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Cambridge International Examinations

Cambridge International General Certificate of Secondary Education


*2215383014*

CAMBRIDGE INTERNATIONAL MATHEMATICS 0607/62


Paper 6 (Extended) October/November 2014
1 hour 30 minutes
Candidates answer on the Question Paper
Additional Materials: Graphics Calculator

READ THESE INSTRUCTIONS FIRST

Write your Centre number, candidate number and name on all the work you hand in.
Write in dark blue or black pen.
Do not use staples, paper clips, glue or correction fluid.
You may use an HB pencil for any diagrams or graphs.
DO NOT WRITE IN ANY BARCODES.

Answer both parts A and B.


You must show all relevant working to gain full marks for correct methods, including sketches.
In this paper you will also be assessed on your ability to provide full reasons and communicate your
mathematics clearly and precisely.
At the end of the examination, fasten all your work securely together.
The total number of marks for this paper is 40.

This document consists of 11 printed pages and 1 blank page.

IB14 11_0607_62/4RP
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Answer both parts A and B.

A INVESTIGATION TAXICAB GEOMETRY (20 marks)

You are advised to spend no more than 45 minutes on this part.

A taxicab has to travel from A to B. In taxicab geometry, to go from A to B, you must only go along gridlines
and take a shortest route.

The diagram shows two of the possible shortest routes from A to B.


The taxicab distance AB is 5.

1 (a)

For this grid, write down the taxicab distance CD and the taxicab distance DE.

Taxicab distance CD .............................................

Taxicab distance DE .............................................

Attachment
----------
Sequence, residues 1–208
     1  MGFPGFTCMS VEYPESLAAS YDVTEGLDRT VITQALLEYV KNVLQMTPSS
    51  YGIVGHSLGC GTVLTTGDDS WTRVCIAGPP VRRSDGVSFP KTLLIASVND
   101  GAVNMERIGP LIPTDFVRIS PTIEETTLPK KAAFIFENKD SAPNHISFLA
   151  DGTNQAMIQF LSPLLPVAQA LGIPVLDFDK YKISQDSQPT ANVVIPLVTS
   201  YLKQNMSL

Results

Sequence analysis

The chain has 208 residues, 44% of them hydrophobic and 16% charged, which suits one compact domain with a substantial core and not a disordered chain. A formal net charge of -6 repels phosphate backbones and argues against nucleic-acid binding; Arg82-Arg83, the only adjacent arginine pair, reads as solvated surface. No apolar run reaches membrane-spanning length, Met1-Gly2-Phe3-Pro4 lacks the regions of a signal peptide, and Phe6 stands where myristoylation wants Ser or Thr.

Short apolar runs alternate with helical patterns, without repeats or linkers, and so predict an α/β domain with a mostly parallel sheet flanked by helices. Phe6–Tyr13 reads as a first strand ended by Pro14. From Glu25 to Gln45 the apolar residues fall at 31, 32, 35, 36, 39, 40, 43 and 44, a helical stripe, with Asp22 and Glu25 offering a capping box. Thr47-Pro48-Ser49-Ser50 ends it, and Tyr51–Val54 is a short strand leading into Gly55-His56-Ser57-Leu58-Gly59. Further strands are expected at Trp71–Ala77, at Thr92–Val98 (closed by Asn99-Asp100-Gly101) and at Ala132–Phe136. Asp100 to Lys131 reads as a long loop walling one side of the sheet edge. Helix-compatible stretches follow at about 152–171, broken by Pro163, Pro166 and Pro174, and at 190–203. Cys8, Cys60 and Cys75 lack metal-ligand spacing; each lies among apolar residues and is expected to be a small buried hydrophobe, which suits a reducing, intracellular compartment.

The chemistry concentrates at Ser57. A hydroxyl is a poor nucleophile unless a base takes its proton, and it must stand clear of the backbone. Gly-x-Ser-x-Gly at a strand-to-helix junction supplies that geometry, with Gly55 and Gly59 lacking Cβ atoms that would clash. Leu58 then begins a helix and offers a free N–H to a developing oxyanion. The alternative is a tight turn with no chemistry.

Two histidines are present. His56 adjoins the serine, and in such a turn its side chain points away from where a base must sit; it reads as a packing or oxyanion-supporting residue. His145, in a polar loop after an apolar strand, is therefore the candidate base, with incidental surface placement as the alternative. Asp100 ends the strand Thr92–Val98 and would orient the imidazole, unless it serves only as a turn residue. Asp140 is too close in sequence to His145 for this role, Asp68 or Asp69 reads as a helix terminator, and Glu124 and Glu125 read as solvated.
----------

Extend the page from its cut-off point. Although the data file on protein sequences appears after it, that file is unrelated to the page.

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(b) On the grids below, show the three possible shortest routes from C to D.
Remember, you must only go along gridlines.

D D D

C C C

(c) On the grids below, show all of the possible shortest routes from D to E.
Draw one route on each grid.

E E

D D

E E

D D

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(d) (i) On the grid below, plot two points with taxicab distance equal to 5 and only one possible shortest
route between them.

(ii) On the answer grid below, plot two points with taxicab distance not equal to 6 and exactly six
possible shortest routes between them.
You may use the first grid for your working.

Working grid

Answer grid

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2 The taxicab is based at T, (0, 0) on the grid.


Possible destinations are marked .
There are 35 possible shortest routes from T to (4, 3).

3
35

T
x
0
1 2 3 4

(a) Write beside each destination on the x-axis and the y-axis, the number of shortest routes from T.

(b) There are three shortest routes from T to destination (1, 2).
Each shortest route goes through either (0, 2) or (1, 1).

Explain how the number of shortest routes to (0, 2) and to (1, 1) can be used to find the number of
shortest routes to (1, 2).

....................................................................................................................................................................

....................................................................................................................................................................

(c) Write beside each destination on the grid the number of shortest routes from T.

(d) There are 120 shortest routes from T to destination (7, 3).

How many shortest routes are there from T to (6, 3) and what is this taxicab distance?

Number of shortest routes .......................

Taxicab distance ......................................

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3 In this question, all taxicab distances are integers.

(a) On the 6 by 6 grid below, plot the seven points where the taxicab distance from S is equal to
the taxicab distance from T.

S T

(b) V and W are on the same horizontal gridline. The taxicab distance VW is 9.

How many points have a taxicab distance from V that is equal to the taxicab distance from W?

.............................................

(c) X and Y are at opposite corners of a 2 by 2 square. On each of the following grids, plot all the points
where the taxicab distance from X is equal to the taxicab distance from Y.

(i) 2 by 2 grid

(ii) 4 by 4 grid

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(iii) 6 by 6 grid

(iv) X and Y are on an n by n grid, when n is an even number.

Find an expression, in terms of n, for the number of points where the taxicab distance from X is
equal to the taxicab distance from Y.

.............................................